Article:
“New school academies will have less money in the pot than they thought.” By Greg Hurst and Joanna Sugden. Times of London. June 12, 2010. Hundreds of schools that convert to academies could receive much less money than the Government claims, an investigation by The Times has found. Of 26 local authorities approached by The Times, most disputed the figures cited by the Department for Education on the proportion of budgets they will have available for the new academies. Several councils said that academies in their areas would get an additional 3 or 4 per cent. These are much lower than figures for each authority used by the Government, which has said that the average is 11 per cent. For a secondary school with a budget of £5 million, this would amount to a shortfall of £350,000 or £400,000. Academies form a potential fault line in the Government, with some Liberal Democrats on the left of the party unhappy about the expansion plan. Michael Gove, the Education Secretary, and Sarah Teather, the Lib Dem Education Minister, are to meet Lib Dem MPs next week to discuss their concerns.
“Freedom the key reason for schools changing status.” By Joanna Sugden. Times of London. June 12, 2010. The promise of a cash injection and complete autonomy over budgets has persuaded more than 1,000 schools to apply for academy status since the Government announced it wanted more of them to be free from town hall control. But the academies may get less money than expected.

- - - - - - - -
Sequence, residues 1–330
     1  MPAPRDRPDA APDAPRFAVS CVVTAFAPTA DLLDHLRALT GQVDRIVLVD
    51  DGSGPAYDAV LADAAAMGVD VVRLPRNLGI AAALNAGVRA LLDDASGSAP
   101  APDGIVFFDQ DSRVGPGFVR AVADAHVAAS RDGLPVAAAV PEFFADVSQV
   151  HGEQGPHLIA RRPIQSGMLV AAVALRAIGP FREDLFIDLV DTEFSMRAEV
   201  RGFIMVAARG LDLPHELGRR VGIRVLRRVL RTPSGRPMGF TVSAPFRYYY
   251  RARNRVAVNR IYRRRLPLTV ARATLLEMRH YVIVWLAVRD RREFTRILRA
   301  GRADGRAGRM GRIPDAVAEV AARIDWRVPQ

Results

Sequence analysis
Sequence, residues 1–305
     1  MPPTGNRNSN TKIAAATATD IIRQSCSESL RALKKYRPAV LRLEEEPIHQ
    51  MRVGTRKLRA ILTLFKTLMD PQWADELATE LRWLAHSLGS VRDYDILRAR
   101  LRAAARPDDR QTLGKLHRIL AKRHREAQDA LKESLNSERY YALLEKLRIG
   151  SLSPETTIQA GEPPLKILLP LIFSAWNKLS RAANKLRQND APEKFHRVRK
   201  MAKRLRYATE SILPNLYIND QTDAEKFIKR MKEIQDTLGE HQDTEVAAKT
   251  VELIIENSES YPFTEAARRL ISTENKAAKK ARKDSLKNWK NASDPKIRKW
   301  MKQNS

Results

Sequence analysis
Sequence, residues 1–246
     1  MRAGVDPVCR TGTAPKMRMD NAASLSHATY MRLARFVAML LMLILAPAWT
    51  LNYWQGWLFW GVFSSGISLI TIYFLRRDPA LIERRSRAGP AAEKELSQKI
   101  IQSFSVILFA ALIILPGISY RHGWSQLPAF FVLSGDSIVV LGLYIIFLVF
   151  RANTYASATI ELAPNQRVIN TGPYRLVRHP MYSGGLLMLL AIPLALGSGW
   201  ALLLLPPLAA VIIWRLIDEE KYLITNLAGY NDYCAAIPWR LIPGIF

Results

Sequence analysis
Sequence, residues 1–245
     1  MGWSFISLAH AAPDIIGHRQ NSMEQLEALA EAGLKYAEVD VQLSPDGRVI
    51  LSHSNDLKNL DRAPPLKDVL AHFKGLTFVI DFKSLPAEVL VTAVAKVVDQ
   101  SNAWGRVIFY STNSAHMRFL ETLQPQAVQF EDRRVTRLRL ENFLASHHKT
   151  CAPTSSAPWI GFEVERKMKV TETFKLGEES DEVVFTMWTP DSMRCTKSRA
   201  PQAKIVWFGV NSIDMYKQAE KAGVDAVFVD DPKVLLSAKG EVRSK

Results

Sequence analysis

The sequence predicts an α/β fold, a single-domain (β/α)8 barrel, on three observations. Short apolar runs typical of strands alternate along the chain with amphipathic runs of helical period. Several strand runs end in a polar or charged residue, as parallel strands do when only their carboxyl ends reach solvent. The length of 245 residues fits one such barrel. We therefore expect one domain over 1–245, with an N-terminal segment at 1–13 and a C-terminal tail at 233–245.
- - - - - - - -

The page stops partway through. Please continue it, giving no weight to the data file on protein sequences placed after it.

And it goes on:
“Malaria charities use World Cup to highlight disease.” By Andrew Warshaw. Independent (UK). June 13, 2010. Malaria charities are targeting the World Cup as a means of highlighting a disease that still claims a child’s life every 30 seconds on the African continent. When England took on the United States on the second day of the tournament last night, the United Against Malaria project kick-started its own campaign to raise awareness in the hope of providing 150 million more mosquito nets by the end of the year. A raft of top-class international footballers, including Kolo Toure of the Ivory Coast, have suffered from malaria and campaigners are using the month-long jamboree to focus attention on the impact of an illness that still has devastating consequences among Third World populations. United against Malaria, an umbrella organization of partnerships seeking an end to malaria deaths, is now active in 11 endemic African countries where 91 percent of fatalities occur. Yet even in places where nets are easily accessible, usage can be as low as 50 cent due to lack of education. Campaigners hope that will change after the World Cup, with football providing an unparalled platform for awareness, especially in remote villages in some of the poorest African countries.